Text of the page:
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A treelet transform analysis to relate nutrient patterns to the risk of hormonal receptor-defined breast cancer in the European Prospective Investigation into Cancer and Nutrition (EPIC)
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2016 (English)In: Public Health Nutrition, ISSN 1368-9800, E-ISSN 1475-2727, Vol. 19, no 2, 242-254 p.Article in journal (Refereed) PublishedText
Abstract [en]

Objective Pattern analysis has emerged as a tool to depict the role of multiple nutrients/foods in relation to health outcomes. The present study aimed at extracting nutrient patterns with respect to breast cancer (BC) aetiology. Design Nutrient patterns were derived with treelet transform (TT) and related to BC risk. TT was applied to twenty-three log-transformed nutrient densities from dietary questionnaires. Hazard ratios (HR) and 95 % confidence intervals computed using Cox proportional hazards models quantified the association between quintiles of nutrient pattern scores and risk of overall BC, and by hormonal receptor and menopausal status. Principal component analysis was applied for comparison. Setting The European Prospective Investigation into Cancer and Nutrition (EPIC). Subjects Women (n 334 850) from the EPIC study. Results The first TT component (TC1) highlighted a pattern rich in nutrients found in animal foods loading on cholesterol, protein, retinol, vitamins B-12 and D, while the second TT component (TC2) reflected a diet rich in -carotene, riboflavin, thiamin, vitamins C and B-6, fibre, Fe, Ca, K, Mg, P and folate. While TC1 was not associated with BC risk, TC2 was inversely associated with BC risk overall (HRQ5 v. Q1=089, 95 % CI 083, 095, P-trend<001) and showed a significantly lower risk in oestrogen receptor-positive (HRQ5 v. Q1=089, 95 % CI 081, 098, P-trend=002) and progesterone receptor-positive tumours (HRQ5 v. Q1=087, 95 % CI 077, 098, P-trend<001). Conclusions TT produces readily interpretable sparse components explaining similar amounts of variation as principal component analysis. Our results suggest that participants with a nutrient pattern high in micronutrients found in vegetables, fruits and cereals had a lower risk of BC.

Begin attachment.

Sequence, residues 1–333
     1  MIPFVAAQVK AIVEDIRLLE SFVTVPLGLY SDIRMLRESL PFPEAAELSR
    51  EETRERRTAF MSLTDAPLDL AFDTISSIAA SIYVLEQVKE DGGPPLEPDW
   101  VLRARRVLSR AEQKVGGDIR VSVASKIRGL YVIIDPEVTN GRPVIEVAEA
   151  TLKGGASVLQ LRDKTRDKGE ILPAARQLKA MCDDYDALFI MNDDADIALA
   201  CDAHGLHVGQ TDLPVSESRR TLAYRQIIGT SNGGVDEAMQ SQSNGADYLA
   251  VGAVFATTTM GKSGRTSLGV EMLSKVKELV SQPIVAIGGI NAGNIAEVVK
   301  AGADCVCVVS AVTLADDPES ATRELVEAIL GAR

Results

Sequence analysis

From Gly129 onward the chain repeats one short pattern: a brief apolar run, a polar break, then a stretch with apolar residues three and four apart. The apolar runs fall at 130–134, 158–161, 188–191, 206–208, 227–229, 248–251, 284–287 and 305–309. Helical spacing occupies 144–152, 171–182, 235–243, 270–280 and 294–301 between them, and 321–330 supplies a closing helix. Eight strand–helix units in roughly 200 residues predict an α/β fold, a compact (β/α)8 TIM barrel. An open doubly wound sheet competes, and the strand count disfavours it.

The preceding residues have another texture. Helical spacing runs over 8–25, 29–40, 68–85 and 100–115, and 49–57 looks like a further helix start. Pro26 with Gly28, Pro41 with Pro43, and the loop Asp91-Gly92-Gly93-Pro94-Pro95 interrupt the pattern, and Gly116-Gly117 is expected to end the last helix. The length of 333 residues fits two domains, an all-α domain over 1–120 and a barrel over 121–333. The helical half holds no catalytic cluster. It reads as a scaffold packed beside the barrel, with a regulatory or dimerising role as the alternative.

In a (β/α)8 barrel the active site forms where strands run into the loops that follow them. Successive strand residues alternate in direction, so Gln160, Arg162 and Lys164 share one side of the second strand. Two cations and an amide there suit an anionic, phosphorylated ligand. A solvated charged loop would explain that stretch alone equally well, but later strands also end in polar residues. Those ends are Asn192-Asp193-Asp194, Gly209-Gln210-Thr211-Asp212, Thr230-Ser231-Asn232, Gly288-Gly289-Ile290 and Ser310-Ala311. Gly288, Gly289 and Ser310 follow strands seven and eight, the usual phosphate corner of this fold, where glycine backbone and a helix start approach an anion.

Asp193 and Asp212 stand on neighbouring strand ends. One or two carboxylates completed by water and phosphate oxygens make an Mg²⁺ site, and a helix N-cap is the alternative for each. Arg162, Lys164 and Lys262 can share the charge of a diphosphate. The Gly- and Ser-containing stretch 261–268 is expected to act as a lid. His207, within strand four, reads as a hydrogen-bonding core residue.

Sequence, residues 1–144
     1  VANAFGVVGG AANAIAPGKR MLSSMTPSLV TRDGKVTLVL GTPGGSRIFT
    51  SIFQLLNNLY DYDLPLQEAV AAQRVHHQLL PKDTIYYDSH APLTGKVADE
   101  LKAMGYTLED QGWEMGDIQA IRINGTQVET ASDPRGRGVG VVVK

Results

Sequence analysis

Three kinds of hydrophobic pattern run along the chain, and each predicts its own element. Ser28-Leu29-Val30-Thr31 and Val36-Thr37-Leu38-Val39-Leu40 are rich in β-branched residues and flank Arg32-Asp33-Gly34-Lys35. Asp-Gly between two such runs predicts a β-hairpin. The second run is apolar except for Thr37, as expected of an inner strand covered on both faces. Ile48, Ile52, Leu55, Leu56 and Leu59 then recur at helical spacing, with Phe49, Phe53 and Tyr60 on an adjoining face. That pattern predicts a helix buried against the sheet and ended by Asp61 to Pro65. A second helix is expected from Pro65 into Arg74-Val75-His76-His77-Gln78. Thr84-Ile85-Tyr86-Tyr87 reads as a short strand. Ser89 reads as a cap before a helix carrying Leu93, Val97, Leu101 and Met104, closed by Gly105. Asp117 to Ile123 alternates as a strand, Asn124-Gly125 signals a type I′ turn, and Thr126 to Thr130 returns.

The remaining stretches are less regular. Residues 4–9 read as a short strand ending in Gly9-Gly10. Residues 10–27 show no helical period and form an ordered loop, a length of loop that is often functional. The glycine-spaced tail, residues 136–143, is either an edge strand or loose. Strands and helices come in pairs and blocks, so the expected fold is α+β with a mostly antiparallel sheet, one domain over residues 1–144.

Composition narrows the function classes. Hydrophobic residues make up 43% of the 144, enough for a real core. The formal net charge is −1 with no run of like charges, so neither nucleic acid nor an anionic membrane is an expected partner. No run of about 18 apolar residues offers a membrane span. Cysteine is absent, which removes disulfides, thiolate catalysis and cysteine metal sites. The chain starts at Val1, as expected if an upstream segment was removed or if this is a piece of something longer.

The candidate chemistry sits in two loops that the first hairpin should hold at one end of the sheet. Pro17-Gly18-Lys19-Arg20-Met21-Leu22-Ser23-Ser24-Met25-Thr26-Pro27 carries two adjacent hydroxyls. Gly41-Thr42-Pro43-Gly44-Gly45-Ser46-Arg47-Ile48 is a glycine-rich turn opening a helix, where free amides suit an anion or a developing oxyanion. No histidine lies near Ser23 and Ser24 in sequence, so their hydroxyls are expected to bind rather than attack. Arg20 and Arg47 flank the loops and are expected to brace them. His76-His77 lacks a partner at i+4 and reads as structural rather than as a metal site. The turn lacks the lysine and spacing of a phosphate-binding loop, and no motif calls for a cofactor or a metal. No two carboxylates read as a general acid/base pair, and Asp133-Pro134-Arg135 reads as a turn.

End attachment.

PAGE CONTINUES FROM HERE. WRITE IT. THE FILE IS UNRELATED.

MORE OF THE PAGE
Place, publisher, year, edition, pages
2016. Vol. 19, no 2, 242-254 p.
Keyword [en]
Nutrient patterns, Treelet transform, Breast cancer, European Prospective Investigation into Cancer and Nutrition, Principal component analysis
National Category
Cancer and Oncology Nutrition and Dietetics
Identifiers
URN: urn:nbn:se:umu:diva-119309DOI: 10.1017/S1368980015000294ISI: 000372639900006PubMedID: 25702596OAI: oai:DiVA.org:umu-119309DiVA: diva2:920204
Available from: 2016-04-17 Created: 2016-04-15 Last updated: 2016-06-15Bibliographically approved

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Johansson, Ingegerd
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Nutritional ResearchDepartment of Odontology
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